It’s been a while since Future Of The Left last set foot in Brighton; major lineup changes over the last couple of years mean that the only surviving members from their last outing are singer Andrew Falkous and the drummer, fellow ex-Mclusky member Jack Egglestone. However, they’ve got a new album out and anticipation is high to see them perform new material, and one or two of the “hits”. This is an early show, and unfortunately I’m too late to catch the first support, Clowns. I arrive just in time for Fever Fever, last spotted taking the Great Escape by storm.
Shrouded in smoke, Fever Fever’s spiky punk is a perfect warm up for Future Of The Left; guitarist Ellie seemingly has every available knob turned up to eleven; the sound she is making is blistering away so much it sounds like her amp is going to burst. When she gets into it she looks positively unhinged; under the blur of hair we get the occasional glimpse of her intense, wild-eyed stare and have to look away immediately. Singer Rosie begins the set in a bad mood, and as things progress, so does her scowl until she just looks puzzled. Puzzled and angry. And she seems to be puzzled about what she’s angry about. Is it the seagulls that stole her chips? Is it the chavvy boys with catapults attacking the seagulls? I feel like it might be me and so I edge back a little as I know what’s good for me.
Clad head to toe in black, and taking to the stage to a slightly unusual choice of intro music (Jimmy Nail’s “Crocodile Shoes”) Future Of The Left launch straight into “Arming Eritrea”, the opening track from the Travels With Myself And Another LP. An unsettling jazzy guitar line sets the pace before the song erupts into life with round upon round of pummelling riffs; the veins in Falco’s neck almost popping right out as he yelps his way through the verses, coming to a climax in the final chorus with the help of new(ish) guitarist/screamer Jimmy Watkins; a man whose terrifyingly powerful gut-roar makes the snarling yips of Falkous sound like Bon Iver in comparison. This is followed by the demented chugging crunch of “Chin Music”, but before we get chance to wonder if a complete run through of TWMAA is on the cards, the band break the cycle with “Small Bones Small Bodies”; and permission is granted for moshing to commence.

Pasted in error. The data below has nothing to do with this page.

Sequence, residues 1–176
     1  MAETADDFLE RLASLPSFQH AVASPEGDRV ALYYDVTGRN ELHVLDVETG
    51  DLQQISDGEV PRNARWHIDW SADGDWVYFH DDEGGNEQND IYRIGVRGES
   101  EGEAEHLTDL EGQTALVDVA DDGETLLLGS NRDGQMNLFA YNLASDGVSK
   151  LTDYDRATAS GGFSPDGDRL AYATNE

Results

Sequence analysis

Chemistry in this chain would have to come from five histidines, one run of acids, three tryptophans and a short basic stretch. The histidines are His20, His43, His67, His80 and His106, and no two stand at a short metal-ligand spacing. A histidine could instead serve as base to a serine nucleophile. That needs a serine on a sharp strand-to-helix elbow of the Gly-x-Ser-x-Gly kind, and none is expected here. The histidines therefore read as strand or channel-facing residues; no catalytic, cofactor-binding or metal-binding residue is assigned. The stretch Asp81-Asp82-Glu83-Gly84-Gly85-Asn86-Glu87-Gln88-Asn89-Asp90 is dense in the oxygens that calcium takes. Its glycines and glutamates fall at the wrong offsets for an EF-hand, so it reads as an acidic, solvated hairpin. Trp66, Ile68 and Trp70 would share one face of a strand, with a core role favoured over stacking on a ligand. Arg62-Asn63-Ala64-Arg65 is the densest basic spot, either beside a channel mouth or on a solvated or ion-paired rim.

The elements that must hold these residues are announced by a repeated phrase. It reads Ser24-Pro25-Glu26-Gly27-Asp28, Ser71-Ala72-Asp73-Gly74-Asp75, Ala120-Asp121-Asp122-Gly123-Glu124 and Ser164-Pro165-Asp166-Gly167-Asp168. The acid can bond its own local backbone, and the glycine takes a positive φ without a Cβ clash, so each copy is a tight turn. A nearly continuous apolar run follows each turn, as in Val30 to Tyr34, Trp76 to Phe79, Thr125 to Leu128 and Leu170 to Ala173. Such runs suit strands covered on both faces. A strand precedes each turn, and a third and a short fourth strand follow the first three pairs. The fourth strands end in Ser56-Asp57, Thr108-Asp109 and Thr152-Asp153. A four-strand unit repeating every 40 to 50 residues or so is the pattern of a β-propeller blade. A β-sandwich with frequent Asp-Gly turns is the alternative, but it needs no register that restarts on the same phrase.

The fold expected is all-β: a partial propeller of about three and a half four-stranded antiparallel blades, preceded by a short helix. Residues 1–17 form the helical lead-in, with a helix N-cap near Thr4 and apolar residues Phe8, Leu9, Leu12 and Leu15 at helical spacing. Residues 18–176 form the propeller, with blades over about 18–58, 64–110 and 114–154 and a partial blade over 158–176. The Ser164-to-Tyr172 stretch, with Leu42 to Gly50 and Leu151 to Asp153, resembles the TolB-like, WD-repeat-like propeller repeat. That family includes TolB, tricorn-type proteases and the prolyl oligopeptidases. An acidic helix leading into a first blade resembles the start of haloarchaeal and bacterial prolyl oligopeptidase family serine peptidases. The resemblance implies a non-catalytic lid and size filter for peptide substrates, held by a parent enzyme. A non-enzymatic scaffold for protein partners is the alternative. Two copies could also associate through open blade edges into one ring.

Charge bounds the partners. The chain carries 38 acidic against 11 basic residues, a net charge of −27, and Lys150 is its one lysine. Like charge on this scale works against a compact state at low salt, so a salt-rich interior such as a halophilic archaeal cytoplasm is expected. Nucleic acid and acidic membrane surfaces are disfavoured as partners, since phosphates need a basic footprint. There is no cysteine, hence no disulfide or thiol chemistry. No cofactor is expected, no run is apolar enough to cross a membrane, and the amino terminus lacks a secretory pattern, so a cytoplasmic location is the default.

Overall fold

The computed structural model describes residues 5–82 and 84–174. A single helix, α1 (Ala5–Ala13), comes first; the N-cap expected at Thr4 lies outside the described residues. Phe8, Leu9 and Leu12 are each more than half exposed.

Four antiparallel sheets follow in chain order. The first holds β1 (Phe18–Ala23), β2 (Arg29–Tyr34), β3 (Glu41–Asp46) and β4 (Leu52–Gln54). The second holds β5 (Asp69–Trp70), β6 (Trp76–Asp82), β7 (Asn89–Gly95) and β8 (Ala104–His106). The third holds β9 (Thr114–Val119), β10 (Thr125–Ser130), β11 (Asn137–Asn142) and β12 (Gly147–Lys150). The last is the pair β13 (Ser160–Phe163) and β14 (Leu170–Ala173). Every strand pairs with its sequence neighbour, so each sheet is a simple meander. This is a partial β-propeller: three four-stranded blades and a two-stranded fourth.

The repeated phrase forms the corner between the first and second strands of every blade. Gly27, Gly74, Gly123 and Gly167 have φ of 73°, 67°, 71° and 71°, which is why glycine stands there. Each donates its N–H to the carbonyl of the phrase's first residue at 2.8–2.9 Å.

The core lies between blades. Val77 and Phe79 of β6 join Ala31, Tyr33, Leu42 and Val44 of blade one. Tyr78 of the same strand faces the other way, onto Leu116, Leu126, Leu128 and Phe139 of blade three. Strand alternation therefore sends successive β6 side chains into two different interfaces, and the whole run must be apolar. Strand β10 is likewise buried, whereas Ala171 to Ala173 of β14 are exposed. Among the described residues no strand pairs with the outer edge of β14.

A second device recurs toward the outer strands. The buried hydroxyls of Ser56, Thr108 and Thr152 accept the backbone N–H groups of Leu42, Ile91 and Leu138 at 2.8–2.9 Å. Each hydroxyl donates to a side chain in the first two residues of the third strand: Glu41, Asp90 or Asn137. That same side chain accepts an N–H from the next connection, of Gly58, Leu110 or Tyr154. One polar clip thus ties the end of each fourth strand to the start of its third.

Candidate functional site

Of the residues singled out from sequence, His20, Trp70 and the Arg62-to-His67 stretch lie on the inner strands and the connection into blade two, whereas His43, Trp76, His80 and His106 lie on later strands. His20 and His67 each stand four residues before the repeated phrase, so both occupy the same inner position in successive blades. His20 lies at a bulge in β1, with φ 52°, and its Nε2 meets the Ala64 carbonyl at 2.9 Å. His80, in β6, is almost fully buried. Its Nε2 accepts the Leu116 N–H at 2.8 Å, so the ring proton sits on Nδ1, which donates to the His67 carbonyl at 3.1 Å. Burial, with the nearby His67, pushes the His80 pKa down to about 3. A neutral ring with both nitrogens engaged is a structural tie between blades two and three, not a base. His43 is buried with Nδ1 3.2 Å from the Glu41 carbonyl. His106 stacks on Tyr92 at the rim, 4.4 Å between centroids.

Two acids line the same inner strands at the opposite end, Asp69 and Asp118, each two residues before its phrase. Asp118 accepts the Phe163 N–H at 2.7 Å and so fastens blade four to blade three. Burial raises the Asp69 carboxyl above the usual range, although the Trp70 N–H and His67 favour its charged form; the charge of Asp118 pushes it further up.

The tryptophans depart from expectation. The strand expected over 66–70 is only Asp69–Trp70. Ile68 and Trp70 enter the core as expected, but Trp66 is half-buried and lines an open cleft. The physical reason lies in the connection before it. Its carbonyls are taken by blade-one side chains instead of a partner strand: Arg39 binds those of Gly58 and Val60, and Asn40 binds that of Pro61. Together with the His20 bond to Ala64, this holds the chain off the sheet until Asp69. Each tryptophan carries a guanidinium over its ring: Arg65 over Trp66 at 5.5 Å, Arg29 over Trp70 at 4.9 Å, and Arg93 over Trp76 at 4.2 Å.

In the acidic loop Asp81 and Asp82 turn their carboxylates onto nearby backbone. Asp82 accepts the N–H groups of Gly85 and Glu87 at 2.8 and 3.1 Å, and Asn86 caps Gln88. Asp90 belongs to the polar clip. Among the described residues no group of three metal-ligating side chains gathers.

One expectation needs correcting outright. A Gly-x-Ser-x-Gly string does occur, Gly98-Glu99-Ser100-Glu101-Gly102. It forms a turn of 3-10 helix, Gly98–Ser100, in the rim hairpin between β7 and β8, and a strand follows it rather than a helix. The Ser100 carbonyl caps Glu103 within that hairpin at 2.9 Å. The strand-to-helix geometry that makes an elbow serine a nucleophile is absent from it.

“Beneath The Waves An Ocean” begins a clutch of songs from the recently released Plot Against Common Sense album, but from the reaction they get anyone would think they were old favourites. The arrhythmic pounding of “Robocop 4” provides a brief respite from all the jumping about, but recent singles “Polymers Are Forever” and “Sheena Is A T-Shirt Salesman” are designed for the dancefloor.
It’s a few songs in before we are treated to any of Falco’s legendary between song banter. A few of the more foolish members of the audience are tempted to heckle but are soon knocked right back with typically scathing put-downs. Note to Future Of The Left audiences: do not attempt to heckle Falkous, it will not go well. His caustic quick wittedness makes him a fearsome presence and acts as an impregnable emotional shield, the equivalent of the barrier Henry Rollins created by getting physically massive; “don’t come too close, I can destroy you”. However, we get a glimpse of a chink in this armour at the start of “adeadenemyalwasysmellsgood”; as the crowd begins to sing the “roll on, roll on” intro, Falkous pauses, seemingly lost for words, before announcing that he is “genuinely touched”. But before we get chance to worry that he’s getting soft, this is followed up by his qualifying, “the word “genuinely” was in inverted commas”.
This projected contempt for his fans doesn’t explain the inclusion of a pair of decade-old Mclusky numbers in the set; most musicians of Falco’s ilk at this point in their career prefer not to dwell on past glories and I’m surprised at him for revelling in this sort of nostalgia. One could almost accuse him of selling out, but when the two songs in question are “To Hell With Good Intentions” and “Lightsabre Cocksucking Blues” (both from the excellent Mclusky Do Dallas album) then we can overlook this point and just shove each other around and scream for two minutes instead. It’s much more fun.
Falco’s Roland Juno-60 synth is wheeled out for “Manchasm” and there is instrument swapping a-plenty as ex-Million Dead founder Julia Ruzicka lends Falco her bass for a couple of songs, and Jimmy seemingly decides from one song to the next whether he’s going to brutalise his guitar or throw himself around and shout at us with a carrier bag on his head. Any restraint the band had held onto goes out of the window during the finale, a ten minute plus version of “Lapsed Catholics” which descends into all out chaos; Falkous systematically taking apart Jack Egglestone’s drumkit and teasing him with the cymbals as if he were a giant feline percussionist. A half naked Jimmy writhes on the floor being force fed a bottle of beer gaffa taped to a fan’s head and a microphone is passed around the mosh pit leading to a great bit of audience participation as crowd members take turns to yell into it. From the carnage on stage, it’s clear that an encore is out of the question, but there would be little more the band could do to improve this set, save putting it out on DVD complete with the warning, “contains mild threat and comic violence”.